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Exxon’s Come a Long Way on Climate Change

ExxonMobil logoCompanies’ use of an internal carbon price provides evidence that industry leaders today are shifting from idealogical stances on climate change to more practical, profit-driven approaches. Case in point: ExxonMobil.

As recently as 2005, Exxon’s then-CEO was speaking publicly about his doubts on anthropogenic climate change, Verdantix notes in its report, Shifting to a Profit-Centric Paradigm for Climate Change. Since then the company has noted the way public policy is headed, and now its planning assumes a carbon cost of $60 per metric ton by 2030.

“Ultimately, we think the government will take action through a myriad of policies that will raise the prices and reduce demand” of carbon-polluting fossil fuels, Exxon spokesman Alan Jeffers told the New York Times. Not only that, but the company now says it supports a carbon tax, if that policy gets paired with an equal cut elsewhere in the tax code.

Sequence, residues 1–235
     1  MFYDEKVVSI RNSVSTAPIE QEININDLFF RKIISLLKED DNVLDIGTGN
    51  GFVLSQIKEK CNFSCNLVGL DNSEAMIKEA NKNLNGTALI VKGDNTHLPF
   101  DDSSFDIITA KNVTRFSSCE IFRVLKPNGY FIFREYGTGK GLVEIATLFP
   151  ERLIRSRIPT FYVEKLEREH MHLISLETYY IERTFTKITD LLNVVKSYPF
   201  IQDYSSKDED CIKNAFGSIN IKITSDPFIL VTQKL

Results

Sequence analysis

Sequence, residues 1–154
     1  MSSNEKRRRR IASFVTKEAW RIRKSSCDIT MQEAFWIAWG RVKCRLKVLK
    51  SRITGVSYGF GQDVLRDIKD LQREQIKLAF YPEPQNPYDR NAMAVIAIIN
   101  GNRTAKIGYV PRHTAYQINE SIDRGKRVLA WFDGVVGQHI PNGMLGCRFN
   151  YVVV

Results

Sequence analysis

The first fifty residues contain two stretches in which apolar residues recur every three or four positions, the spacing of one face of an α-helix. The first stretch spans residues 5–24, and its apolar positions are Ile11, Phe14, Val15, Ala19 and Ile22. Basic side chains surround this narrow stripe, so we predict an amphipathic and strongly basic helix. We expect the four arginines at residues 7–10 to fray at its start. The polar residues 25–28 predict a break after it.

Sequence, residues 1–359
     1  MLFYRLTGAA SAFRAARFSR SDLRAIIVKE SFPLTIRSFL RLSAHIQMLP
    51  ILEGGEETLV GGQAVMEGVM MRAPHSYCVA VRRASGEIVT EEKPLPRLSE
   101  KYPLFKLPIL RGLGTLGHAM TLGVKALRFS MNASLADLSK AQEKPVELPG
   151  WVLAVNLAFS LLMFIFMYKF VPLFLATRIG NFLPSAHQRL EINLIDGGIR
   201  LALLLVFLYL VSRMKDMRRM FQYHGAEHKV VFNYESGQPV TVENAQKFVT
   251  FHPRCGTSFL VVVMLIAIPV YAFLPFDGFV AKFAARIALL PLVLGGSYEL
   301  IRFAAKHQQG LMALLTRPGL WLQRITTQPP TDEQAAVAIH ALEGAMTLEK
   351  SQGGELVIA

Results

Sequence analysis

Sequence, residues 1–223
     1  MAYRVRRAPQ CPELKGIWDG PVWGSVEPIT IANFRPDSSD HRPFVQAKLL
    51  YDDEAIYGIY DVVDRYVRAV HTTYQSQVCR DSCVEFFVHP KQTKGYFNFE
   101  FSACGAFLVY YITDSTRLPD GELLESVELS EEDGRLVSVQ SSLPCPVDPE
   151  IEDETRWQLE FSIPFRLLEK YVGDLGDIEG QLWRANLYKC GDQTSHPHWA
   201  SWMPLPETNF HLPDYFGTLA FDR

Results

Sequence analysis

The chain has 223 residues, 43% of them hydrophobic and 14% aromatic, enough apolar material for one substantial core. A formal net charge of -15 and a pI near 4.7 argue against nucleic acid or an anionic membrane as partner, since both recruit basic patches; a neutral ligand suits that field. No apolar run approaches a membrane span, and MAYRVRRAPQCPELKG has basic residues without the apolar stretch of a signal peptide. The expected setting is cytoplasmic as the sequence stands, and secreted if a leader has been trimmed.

Takeaway: Practical realizations of climate change’s impact on the bottom line – both as a direct effect, and through regulation – are replacing idealogical stances at companies like ExxonMobil.

Tamar Wilner is Senior Editor at Environmental Leader PRO.

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